© iStock/ winyuu
© iStock/ winyuu
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Halloween and other spooky holidays in Estonia

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Scary Halloween costumes, pumpkin faces, and witches have not been very popular in Estonia until recent years. As a matter of fact, Estonia has so many holidays to honor the dead and for children to go trick or treating in costumes, that western customs such as Halloween are often only seen in Hollywood movies. But, since the rest of the world celebrates Halloween, Estonians also wanted to take part in it. So, every year, more and more parties and events take place during Halloween, mainly in the big cities. However, it is not considered as spooky as in other countries. It might actually be the least spooky holiday in Estonia, compared with the ones with peculiar traditions like leaving the bread at your relatives' graves.

Day to remember the departed loved ones

Estonia has an important holiday, All Souls’ Day to celebrate the dead. Not to be confused with Halloween, it takes place between October 31st and November 2nd. But there is no running around in costumes and dressing up. It is a quiet holiday when people light up candles in their homes and remember the loved ones who have passed away. It is believed that the souls visit us during those nights to see how we are doing and it is considered a bad habit not to light a candle to welcome them. Some even leave a chunk of bread and a glass of vodka so that the dead could have a little past-midnight snack. 

 © iStock/ Grandfailure
© iStock/ Grandfailure

Kadripäev and Mardipäev – Halloween

All Souls’ Day is not the favorite holiday of children (there is nothing fun in the belief about your dead relatives coming to visit). Hence, in November, two other very important holidays are especially exciting for children. They are Mardipäev and Kadripäev (Martinmas and St. Catherine’s Day). They are equivalent to the western traditions of Halloween, but you won't see unicorn costumes there. On Martinmas, children dress up as drifters and go from door to door, asking for goodies. It was an ancient custom to collect gifts for monasteries during medieval times. On the St. Catherine’s Day, the traditions are the same, but children dress up as women instead of men. In fact, there is no trick-or-treating there – children must learn songs or dances and perform them before they get any candy. And families always welcome the mummers, because they bring good luck with the crop. Not that many people living in apartments need good luck with the crop… but it can't hurt to honor the tradition, right?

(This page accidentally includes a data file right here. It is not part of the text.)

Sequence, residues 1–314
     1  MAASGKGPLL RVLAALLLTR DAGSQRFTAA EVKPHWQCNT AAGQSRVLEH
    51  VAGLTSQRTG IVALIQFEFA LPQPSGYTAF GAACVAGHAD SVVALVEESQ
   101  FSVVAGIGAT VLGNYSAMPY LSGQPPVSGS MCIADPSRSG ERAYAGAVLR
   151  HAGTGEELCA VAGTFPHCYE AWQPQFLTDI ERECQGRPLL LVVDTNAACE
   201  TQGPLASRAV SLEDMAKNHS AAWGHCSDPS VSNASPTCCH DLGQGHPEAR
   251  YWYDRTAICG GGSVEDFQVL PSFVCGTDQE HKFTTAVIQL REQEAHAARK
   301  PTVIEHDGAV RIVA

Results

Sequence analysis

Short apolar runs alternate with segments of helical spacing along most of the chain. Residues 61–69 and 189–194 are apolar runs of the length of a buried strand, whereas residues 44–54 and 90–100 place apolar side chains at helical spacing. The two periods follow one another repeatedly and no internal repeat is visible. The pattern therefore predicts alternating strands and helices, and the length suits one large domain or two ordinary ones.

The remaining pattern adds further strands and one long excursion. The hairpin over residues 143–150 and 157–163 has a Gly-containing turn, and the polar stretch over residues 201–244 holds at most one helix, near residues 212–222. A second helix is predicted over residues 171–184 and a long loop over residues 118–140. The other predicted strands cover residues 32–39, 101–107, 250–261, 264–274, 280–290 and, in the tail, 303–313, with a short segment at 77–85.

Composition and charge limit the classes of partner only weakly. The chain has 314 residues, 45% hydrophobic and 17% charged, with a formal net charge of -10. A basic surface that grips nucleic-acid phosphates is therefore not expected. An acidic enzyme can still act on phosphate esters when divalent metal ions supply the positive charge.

New traditions make their way into Estonia

The younger generation of Estonia mostly celebrates Halloween. Older people start to get used to it, but if you go trick-or-treating, some older grumpy grandmas and grandpas might tell you to come back on Mardipäev, as we don’t live in the USA! But walking around the city, every year you see more and more Halloween events and people in costumes. It is not hard to find a Halloween theme party in Tallinn Old Town – every big club has something special planned for the night. Should you visit Venus Club or some other popular club in Tallinn, you will definitely find a big costume party there. 

 © iStock/ gorodenkoff
© iStock/ gorodenkoff
Tallinn Old Town
Tallinn Old Town
Old Town of Tallinn, Tallinn, Estonia
Venus Club, Tallinn
Venus Club, Tallinn
Vana-Viru 14, 10111 Tallinn, Estonia

Estonia is just getting acquainted with Halloween customs, adopting them from western cultures. Compared to the older Estonian traditions, such as All Souls’ Day, it might even be the least spooky holiday in Estonia


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The author

Merje Aus

Merje Aus

Merje – proud Estonian, in love with everything her home country has to offer. Studying Estonian philology and working as a journalist.

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